High Achievers

by Ron Potter

photo-1447185891480-252d7554aa8bDo you know those individuals or see those teams that you would label “high achievers?”  My guess is that at least a few people and teams come to mind when I ask that question and I also believe that it’s likely that you fall into that category as well.  But do you know why you and they get labeled as high achievers.

One of the most interesting research studies that I came across several years ago indicated that it was about setting proper goals.  As it turns out, those individuals and teams that gain that desirable label set “publicly stated goals” they believe are about 75% achievable.  Now that may initially sound like a slam dunk but if you think that there is a 25% chance of failure, it seems like a reasonably high goal.

Publicly stated is a concept that must be explored for a minute.  And individual may say to their boss or team, I will accomplish this much in this amount of time.  That’s a publicly stated goal.  A boss may say to a direct report or the team, you will accomplish this much in this amount of time.  That’s also a publicly stated goal.  It makes no difference who the source of the goal setting is, once it has been made public, that’s the goal.

Back to our high achievers, once their publicly stated goal has been set, they then set out towards a level of achievement that feels like they have about a 50-50 chance of accomplishing.  This effort is taken on privately and they believe it will be accomplished by hard work, thinking smart, collaborating with their team mates.  In the end, results usually fall between that 75% chance and the private 50% target and once they do this on a consistent basis, other people begin to seen them and label them as high achievers.

But here’s the interesting part to me.  When a publicly stated goal gets set that the participants believe they have less than a 50-50 chance of accomplishing, that’s demotivating.  They give up.  They’ve lost hope.  Leaders need to be very careful in setting targets and goals for their team.  But, I’ve also seen teams set their own goals that fall into this category.  A team may have many initiatives and projects slated for the coming year.  If I ask the team to evaluate each of the initiatives, they’ll often fall in that 75-50% range.  But when I ask them to take all of the initiatives as a whole, what do they believe their chances to be?  They often fall below the 50-50 threshold.  Beware, even self-inflicted goals can fall outside the high achieving margins.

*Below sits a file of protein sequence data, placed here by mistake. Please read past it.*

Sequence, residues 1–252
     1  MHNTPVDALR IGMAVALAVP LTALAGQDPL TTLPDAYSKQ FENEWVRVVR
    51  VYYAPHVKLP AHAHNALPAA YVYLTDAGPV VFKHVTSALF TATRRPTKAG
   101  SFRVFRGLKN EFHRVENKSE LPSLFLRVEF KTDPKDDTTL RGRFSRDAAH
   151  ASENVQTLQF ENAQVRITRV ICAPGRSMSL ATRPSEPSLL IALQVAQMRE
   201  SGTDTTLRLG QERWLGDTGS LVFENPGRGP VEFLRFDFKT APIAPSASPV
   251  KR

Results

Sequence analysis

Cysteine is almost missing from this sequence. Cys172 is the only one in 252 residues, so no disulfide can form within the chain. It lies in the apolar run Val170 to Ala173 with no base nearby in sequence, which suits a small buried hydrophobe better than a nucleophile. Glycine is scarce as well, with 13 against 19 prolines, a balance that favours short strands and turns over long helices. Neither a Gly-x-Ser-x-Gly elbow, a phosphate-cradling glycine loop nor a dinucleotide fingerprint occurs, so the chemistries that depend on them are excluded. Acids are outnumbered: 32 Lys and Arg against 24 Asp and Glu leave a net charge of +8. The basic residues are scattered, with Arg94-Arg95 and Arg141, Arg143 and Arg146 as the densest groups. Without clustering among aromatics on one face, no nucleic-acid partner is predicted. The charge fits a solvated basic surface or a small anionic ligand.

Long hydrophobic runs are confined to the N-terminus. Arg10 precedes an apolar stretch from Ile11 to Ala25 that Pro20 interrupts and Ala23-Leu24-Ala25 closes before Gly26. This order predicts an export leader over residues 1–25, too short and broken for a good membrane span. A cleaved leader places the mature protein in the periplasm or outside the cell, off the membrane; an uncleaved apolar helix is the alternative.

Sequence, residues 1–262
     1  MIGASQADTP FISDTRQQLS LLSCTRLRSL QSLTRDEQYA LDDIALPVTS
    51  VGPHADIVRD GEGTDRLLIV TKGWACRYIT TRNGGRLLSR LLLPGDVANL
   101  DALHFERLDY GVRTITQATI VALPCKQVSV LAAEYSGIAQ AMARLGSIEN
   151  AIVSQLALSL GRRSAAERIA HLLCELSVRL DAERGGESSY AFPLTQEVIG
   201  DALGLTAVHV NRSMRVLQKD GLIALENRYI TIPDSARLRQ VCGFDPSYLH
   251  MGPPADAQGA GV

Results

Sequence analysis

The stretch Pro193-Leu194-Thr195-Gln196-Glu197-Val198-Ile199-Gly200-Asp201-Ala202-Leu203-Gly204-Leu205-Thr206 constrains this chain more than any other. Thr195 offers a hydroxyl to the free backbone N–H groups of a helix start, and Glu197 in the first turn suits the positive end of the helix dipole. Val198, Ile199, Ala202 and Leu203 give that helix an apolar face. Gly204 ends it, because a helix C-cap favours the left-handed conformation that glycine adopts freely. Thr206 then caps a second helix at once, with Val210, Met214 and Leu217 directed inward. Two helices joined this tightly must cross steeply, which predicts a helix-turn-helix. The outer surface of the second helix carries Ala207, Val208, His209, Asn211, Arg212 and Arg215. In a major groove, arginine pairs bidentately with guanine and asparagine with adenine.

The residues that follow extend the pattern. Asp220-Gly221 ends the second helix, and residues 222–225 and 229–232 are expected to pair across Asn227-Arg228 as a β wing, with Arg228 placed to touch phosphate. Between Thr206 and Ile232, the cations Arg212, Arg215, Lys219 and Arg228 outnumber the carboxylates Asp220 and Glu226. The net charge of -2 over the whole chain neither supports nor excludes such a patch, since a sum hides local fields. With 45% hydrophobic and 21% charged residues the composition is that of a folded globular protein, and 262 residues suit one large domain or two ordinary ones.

Hope is the real subject of this blog.  Research indicates that people who have a higher level of hope; sleep and exercise more, eat healthier foods, have fewer colds, less hypertension and diabetes, are more likely to survive cancer and have less depression.  Wow, if a pharmaceutical company could bottle that they’d have the biggest blockbuster drug of all time.

According to Anthony Scioli, a professor of psychology at Keene State College in Keene, N.H., hope is made up of four components:

Attachment is a sense of continued trust and connection to another person. This is why it takes a team.

Mastery, or empowerment, is a feeling of being strong and capable—and of having people you admire and people who validate your strengths. Development and Encouragement.

Survival has two features

A belief that you aren’t trapped in a bad situation and have a way out

An ability to hold on to positive thoughts and feelings even while processing something negative. Spirituality is a belief in something larger than yourself.

Be very careful about goal setting, both set by yourself and those set for you.  Your hope (and health) depend upon it.

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